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Peter W. Galbraith, Unintended Consequences; How War in Iraq Strengthened America's Enemies (New York: Simon and Schuster, 2008), 203pp. Peter W. Galbraith, Unintended Consequences; How War in Iraq Strengthened America's Enemies (New York: Simon and Schuster, 2008), 203pp.

           In its ignorance, incompetence, deceit, and fervent ideology, Peter Galbraith is the sort of career foreign diplomat that the Bush administration willfully ignored when it invaded Iraq. Since graduating from Harvard, Oxford, and Georgetown, Galbraith has spent three decades in government service, most notably as America's first ambassador to Croatia and a United Nations diplomat in East Timor. He's been an adjunct professor and lecturer at the National War College (1999 and 2001-2003). His earlier book The End of Iraq (2007) received wide-spread acclaim for its analysis based upon Galbraith's decades of experience in Iraq.

           Despite what the Bush administration told the public about its rationale for a war of choice, we now know that Iraq did not possess WMDs, Saddam Hussein was not involved in the 9/11 attacks, and Iraq was not a base for al-Qaeda (although it became one after the war started). The later justification of producing a democratic Iraq has failed miserably. In fact, on almost every count, Bush's war produced the opposite results of those he intended.

           Whereas Iraq did not have WMDs, North Korea, Iran and Pakistan have grown as genuine nuclear threats. The "war of terror" has emboldened terrorists and swelled the ranks of their recruits. The agenda of a free democracy "now has US troops fighting for pro-Iranian Shiite theocrats [the government] and alongside unreformed Baathists [the Sunni Awakening]." The attempt to marginalize Iran has made its influence in Iraq stronger than it has been in four hundred years. Syria is now more bold, not more threatened, and Israel is less rather than more secure. Turkey has been transformed from one of America's biggest supporters to a nation of virulent anti-Americanism. The "shock and awe" of American superiority has revealed gross failures of intelligence, planning, and politics. American prestige has been squandered, five million Iraqis have been displaced and at least 100,000 killed, the Republican party decimated, and our own country floundering. When he left office in January 2009, Bush did not concede that he had made any mistakes.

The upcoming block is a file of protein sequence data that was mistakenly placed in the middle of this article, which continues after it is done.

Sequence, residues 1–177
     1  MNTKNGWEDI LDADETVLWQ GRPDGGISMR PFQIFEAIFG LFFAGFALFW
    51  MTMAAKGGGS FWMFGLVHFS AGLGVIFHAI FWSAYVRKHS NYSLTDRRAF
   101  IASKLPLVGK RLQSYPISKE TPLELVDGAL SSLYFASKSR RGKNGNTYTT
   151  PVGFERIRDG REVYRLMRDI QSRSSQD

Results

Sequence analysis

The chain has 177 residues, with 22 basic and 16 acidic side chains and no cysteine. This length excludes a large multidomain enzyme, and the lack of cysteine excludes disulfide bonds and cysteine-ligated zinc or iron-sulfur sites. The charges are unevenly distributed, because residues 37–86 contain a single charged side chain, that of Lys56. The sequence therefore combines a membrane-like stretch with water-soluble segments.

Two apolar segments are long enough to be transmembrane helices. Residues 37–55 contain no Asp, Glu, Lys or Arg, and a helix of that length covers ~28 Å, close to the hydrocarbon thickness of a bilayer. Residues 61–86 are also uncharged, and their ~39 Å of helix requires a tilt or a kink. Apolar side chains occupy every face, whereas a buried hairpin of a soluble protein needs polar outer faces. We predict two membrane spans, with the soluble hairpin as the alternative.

In Galbraith's analysis, the central problem in Iraq rests in the deep divisions between and among Shiites, Sunnis, Kurds, and even those who remember a good life as secular Iraqis. These groups, says Galbraith, have "irreconcilable differences" and are merely "biding their time" until the next civil war. The army and police are highly sectarian. There are few mixed neighborhoods anymore. Kurds will never agree to be integrated in a centralized and unified Iraq (nor should they, in Galbraith's view). In short, as he argued in his first book, reality dictates that there never will or can be a unified Iraq.

           President Obama intends to remove most American troops by 2010, but in his book The Gamble (2009), Thomas Ricks quotes sources that envision American troops in Iraq until 2015, in which case we are only at the halfway point of America's greatest foreign policy blunder ever. Even more ominous, says Ricks, "the events for which the Iraq war will be remembered probably have not yet happened." And that is the cause for which George Bush squandered American lives, money, and global prestige.

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